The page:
When cutting a headstone in an as yet to be determined timeframe, the family of Hans Rausch might well consider remembering him as a man of precision.
Not the sort to be late to his own funeral or indeed anyone else’s.
That’s not to say that Hans was an impatient man. On the contrary if he were a man to believe in such sanctities as sainthood, Hans Rausch could hold his own with any halo bearer in a game of wait quietly and, quite frankly, would wipe the floor with even the most patient pietist who dared challenge him to a quick round of who blinks dies.
Simply put, Hans was a stoic soul who would not stand for sloppiness, tardiness or unnecessary delay.
Ah but you’ll miss it when they’re gone.
To some degree at least.
Wrote this quite a while ago. Like the idea but not sure I like what I’ve written.
Please have at it with sticks.
I push the button and wait for the chaos. Two shapes dart past the frosted glass of the front door. The gate buzzes, releases and swings open. I have just enough time to close it and turn around before I’m enveloped in a three way maelstrom of children and dog.
I fend off the dog with one hand, low five my son with the other and shuffle forward bearing the weight of a three year old blonde haired limpet on my right leg. She slides off me just before the steps.
“Yucch Daddy! Why are you all sweaty?” Her nose wrinkles.
“I’ve been running my love, that’s what happens.”
She gives me a serious look and then starts laughing. “StinkEEE Daddy!” She runs inside yelling and giggling.
As a general rule I tend to shy away from re-posting old stories but for some odd reason this one has been nagging at me for the last couple of days so while I’m busy with some new things I hope to like here’s an old thing I actually do like. As always with these things there’s a little bit of history threading its way through a whole heap of fiction…
“We’re really so sorry Craig. She was an amazing woman.”
“The best of the best.”
“She was so sweet, so gentle. We all loved her.”
“Amy was one of a kind, she didn’t deserve for this to…”
“I broke your pie dish.”
That one simple truth banished the spell of unending platitudes. Caught me off guard. “Sorry, you broke…?”
“The pie dish.” Deb looks at me and makes a circle with her hands. “Round thing. Generally used for the carrying and serving of pies.”
The sky colours in the dark with pink and orange fingers.
Birds chatter their approval in myriad voices growing bolder with each passing minute. Guinea fowl screech from the rooftops, setting the dogs to lend their rumbling bass to the chorus greeting the dawn.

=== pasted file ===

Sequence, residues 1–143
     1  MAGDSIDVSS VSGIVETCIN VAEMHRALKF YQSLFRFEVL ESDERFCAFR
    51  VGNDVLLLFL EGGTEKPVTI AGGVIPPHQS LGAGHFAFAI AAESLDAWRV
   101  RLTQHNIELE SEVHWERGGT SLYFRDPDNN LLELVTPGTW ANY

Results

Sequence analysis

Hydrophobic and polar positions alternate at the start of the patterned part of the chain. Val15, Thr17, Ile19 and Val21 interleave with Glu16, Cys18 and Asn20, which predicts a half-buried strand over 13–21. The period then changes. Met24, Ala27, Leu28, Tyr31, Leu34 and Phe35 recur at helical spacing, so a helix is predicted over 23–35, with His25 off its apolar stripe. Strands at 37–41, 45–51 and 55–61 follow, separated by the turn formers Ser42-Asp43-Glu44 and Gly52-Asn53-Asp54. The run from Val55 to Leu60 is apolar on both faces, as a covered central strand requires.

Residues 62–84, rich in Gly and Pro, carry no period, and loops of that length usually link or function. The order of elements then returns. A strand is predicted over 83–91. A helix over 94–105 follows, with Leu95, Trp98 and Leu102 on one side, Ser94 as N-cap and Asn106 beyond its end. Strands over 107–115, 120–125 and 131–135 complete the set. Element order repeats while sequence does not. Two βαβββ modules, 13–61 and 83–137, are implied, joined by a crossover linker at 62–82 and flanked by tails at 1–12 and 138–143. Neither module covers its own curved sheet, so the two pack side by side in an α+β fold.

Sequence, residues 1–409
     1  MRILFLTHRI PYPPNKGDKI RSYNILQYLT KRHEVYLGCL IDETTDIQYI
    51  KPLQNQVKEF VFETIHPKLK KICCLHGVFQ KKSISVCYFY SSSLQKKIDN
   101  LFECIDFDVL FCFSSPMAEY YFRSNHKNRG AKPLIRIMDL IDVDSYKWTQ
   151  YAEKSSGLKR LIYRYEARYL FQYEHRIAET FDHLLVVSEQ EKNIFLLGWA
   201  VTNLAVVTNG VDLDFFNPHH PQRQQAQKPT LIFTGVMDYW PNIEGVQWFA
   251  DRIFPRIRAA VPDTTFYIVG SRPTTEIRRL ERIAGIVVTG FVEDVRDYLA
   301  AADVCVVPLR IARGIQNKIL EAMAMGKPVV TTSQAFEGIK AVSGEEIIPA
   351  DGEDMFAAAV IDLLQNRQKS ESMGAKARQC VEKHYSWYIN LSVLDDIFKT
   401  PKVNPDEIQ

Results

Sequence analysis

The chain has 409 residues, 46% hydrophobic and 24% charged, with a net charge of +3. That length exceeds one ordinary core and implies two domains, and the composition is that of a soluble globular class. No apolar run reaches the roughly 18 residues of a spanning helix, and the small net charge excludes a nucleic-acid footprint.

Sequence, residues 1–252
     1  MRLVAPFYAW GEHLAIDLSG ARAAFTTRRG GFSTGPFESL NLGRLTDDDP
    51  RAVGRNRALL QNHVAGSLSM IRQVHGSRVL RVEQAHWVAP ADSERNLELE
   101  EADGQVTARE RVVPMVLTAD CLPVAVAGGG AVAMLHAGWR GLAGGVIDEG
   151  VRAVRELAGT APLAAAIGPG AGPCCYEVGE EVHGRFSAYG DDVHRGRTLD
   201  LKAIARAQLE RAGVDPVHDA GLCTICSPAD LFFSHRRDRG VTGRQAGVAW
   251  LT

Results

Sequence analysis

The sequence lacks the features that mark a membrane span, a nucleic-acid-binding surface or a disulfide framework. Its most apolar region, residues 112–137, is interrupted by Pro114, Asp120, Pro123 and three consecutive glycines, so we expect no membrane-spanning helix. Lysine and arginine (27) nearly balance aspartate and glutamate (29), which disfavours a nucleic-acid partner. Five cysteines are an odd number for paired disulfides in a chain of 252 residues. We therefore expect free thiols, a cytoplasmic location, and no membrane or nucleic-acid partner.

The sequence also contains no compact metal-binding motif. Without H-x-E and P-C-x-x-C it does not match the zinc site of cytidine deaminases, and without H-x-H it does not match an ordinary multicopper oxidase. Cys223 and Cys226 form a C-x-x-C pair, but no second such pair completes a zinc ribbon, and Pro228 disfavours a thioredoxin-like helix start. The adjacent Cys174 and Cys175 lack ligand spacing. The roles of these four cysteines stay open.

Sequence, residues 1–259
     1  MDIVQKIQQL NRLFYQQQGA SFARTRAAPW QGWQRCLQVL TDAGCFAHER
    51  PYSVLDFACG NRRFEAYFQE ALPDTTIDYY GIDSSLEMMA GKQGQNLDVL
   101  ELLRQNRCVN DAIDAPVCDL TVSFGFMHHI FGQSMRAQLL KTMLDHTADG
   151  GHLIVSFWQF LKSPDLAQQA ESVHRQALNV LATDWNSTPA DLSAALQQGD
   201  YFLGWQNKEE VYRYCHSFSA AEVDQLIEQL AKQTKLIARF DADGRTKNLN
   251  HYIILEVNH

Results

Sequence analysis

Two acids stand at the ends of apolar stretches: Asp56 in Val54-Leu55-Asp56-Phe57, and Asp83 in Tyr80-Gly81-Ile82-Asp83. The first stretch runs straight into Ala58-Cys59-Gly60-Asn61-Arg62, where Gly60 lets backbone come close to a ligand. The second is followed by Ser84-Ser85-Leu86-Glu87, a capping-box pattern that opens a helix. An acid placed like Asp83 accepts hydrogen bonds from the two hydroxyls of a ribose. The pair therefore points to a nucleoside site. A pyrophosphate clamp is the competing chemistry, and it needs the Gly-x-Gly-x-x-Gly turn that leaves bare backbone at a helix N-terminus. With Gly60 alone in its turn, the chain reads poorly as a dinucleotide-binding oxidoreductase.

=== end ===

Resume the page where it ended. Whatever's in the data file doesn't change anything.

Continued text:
Today marks the 25th time that I’ve been fortunate enough to sneak some of my words past the editorial team at Literally Stories. They’ll see through all my limitations one of these days but until then I intend to wallow in the thrill of people I respect enjoying what I have to say.
The new piece is called February. I hope you like it.
“I told him it wasn’t on the menu but he said I should speak to you.”
“It’s fine, don’t worry. He’s been coming here for as long as I can remember.”
Harry Shaw didn’t hear the conversation from the kitchen but he was confident of the outcome. His starter portion of veal tonnato on a Thursday evening was the ballast that held the unravelling of his life firm and steady. He was as much a part of the A Tavola furniture as the black and white shots of spaghetti-eating celebrities that filled most of the walls. For Harry, Thursday nights offered up the perfect mix of ambience and peace. Enough noise for him to bask in the warm, familial murmur of a well run machine but not the overt harshness of a full house weekend.
“Morning old chap.”
“I wish you wouldn’t do that.”
“Do what Nige?”
“Shorten my name.”
“I apologise. What can I do for you Nigella?”
A little something I wrote while killing time at Cape Town airport this afternoon. Big thanks to Rebecca Field for reminding me of a storytelling construct I’d forgotten about!
Can’t keep track of how many hours I’ve been here but let’s just say it’s been a few. Delays. Excuses so lame no doubt that they aren’t even bothering to communicate them.
This morning I woke up in bed with an old man’s hand.
Not a severed hand from a different, older man.
Nothing as sinister as that.
No suggestion that I was, in some way, being sent a warning message from some aging mafioso masquerading as a perfectly normal member of the Twilight Valley Nursing Village who, for reasons best known only to himself, had given up on the cranial end of horses and settled for lopping off the hands of his fellow residents before depositing them in the beds of strangers under cover of darkness. There was a suggestion far back in my family tree that there was some sort of Italian connection to my heritage but even so the link would be tenuous at best. It’s not like I’m the direct descendent of Guiseppe “The Limp” Panettone or some such.
The hand, I confess, was my own.